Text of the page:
Listen For Understanding

Think about any instruction list TELLING you how to do something: 
Step 1: take an anti depressive medication, followed by 
Step 2: get 8 hours of sleep a night, followed by
Step 3: walk 30 minutes each day, and so on. 

People may complete the task, but long term learning for long term success from this method is limited. When someone is stuck in the dark hole that is anxiety or depression, it’s hard enough just getting OUT of bed in the morning, let alone doing any number of tasks. Treating anxiety or any mental health condition is not comparable to assembling a piece of furniture from Ikea.

Now, compare this to learning something from a story, where someone has pushed their own human experience and emotion into those tasks. Hearing the struggles, failures, and successes through story are more likely to shape your ability to learn and cope. Understand there are some conditions that we treat through empathy and ability to get to know people at people at a deeper level. The conversation can lend the support you need as you navigate the ‘hard’ in your own life.

Our Stories Are Ourselves

Sharing your story will help you feel better. Why are you not sharing your story? Perhaps you feel embarrassment, fear, resignation? If you do not share your story then those thoughts and feelings are just randomly going through your mind, and you may only be inclined to be reactive towards them when they do pass through… that is randomly.

We use stories to describe to others our needs, and mental health is no exception. It doesn’t make much difference what we leave in and what we take out, what is important is that we tell the story. There is magic in that. It’s in the listener and storyteller- us. And for each and every ear, it will be different. And it will affect us in ways that we can never predict. From the mundane to the profound. You may tell or hear a tale that takes up residence in your soul, becomes your blood and your purpose. That story will move you and drive you. And who knows what you might do because of it.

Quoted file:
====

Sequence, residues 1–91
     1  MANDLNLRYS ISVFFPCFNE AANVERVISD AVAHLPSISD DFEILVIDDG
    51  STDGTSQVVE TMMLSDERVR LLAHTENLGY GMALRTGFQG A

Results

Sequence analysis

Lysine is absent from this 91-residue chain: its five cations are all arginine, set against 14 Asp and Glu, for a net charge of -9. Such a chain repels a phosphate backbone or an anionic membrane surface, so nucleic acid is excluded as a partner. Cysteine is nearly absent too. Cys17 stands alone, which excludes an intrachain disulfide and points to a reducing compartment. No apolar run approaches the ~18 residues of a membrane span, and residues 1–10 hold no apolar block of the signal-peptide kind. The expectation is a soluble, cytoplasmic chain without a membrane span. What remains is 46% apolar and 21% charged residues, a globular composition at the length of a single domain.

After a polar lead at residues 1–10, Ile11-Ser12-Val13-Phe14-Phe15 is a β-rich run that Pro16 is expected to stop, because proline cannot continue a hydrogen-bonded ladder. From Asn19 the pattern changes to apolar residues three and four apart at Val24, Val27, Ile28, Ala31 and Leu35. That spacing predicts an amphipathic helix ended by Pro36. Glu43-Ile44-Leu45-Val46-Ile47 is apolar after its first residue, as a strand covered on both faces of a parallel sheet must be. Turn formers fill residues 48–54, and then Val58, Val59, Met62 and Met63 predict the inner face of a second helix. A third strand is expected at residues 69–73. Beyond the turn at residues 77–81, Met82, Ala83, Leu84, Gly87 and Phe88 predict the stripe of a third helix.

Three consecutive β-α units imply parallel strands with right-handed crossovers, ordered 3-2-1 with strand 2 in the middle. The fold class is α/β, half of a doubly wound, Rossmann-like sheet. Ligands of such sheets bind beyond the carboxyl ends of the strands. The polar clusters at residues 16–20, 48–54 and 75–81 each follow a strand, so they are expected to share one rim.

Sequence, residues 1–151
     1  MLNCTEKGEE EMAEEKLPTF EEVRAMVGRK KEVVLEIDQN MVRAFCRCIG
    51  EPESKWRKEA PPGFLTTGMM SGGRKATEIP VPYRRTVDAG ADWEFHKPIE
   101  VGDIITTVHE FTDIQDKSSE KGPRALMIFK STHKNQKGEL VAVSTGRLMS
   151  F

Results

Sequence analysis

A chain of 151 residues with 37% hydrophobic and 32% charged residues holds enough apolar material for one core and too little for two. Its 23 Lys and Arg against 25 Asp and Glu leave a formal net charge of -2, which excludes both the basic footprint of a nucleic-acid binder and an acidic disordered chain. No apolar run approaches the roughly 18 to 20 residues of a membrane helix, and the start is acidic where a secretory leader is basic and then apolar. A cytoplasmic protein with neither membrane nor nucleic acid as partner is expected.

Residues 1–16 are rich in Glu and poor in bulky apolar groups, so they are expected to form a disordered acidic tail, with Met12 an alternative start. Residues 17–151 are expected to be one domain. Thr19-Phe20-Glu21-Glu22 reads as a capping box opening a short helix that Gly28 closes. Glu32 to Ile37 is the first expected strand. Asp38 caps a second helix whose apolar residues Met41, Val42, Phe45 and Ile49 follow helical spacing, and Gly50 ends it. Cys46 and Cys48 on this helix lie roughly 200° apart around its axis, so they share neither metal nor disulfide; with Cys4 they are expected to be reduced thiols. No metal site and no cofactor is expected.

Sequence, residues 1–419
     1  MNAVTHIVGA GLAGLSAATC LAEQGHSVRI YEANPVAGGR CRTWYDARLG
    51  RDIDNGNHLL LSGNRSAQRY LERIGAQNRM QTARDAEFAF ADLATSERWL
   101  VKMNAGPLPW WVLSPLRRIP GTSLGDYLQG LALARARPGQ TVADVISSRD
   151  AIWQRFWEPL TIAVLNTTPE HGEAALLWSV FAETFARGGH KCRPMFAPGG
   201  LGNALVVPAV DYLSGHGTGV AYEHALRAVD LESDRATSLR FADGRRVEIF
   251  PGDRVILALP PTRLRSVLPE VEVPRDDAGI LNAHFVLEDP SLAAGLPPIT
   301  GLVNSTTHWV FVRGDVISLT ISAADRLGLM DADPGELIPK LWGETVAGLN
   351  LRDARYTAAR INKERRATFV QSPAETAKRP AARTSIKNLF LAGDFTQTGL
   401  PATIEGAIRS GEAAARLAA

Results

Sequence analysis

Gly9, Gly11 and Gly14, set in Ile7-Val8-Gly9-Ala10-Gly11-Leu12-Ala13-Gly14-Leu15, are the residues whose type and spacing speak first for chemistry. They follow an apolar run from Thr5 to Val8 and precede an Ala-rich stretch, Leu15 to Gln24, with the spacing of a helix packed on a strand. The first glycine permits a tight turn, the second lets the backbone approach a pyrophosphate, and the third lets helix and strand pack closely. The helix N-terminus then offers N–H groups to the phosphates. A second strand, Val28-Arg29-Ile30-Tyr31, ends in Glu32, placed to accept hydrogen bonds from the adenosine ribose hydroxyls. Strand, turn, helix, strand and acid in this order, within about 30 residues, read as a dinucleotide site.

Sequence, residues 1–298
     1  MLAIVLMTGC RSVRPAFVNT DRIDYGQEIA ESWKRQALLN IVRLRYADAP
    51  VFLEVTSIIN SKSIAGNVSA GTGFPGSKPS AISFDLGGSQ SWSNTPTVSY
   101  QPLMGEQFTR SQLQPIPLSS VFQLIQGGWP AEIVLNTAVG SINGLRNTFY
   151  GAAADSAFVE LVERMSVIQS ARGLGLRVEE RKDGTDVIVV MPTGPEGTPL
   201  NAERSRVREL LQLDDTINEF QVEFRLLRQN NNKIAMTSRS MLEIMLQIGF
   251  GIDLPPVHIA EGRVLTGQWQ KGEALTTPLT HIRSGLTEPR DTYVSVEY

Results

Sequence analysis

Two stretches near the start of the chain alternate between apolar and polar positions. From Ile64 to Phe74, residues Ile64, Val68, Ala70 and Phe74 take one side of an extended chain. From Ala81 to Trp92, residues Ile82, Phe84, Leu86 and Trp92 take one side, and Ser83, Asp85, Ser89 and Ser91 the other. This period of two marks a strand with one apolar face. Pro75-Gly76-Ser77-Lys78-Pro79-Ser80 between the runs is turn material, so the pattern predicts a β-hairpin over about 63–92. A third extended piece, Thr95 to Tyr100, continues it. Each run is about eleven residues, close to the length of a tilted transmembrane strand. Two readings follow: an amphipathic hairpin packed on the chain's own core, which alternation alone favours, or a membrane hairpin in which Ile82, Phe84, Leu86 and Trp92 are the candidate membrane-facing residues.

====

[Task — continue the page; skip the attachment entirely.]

The Challenge

The truth is today we are not treating everyone we need to who suffers from anxiety or depression, and can not do so if we continue to insist on one-on-one therapy with only an ‘expert.’ If listening to and sharing stories helps people, how can we withhold it? It will be there, doing its thing, whether you want it there or not. To ignore it seems to me to be the least ethical thing one could possibly do.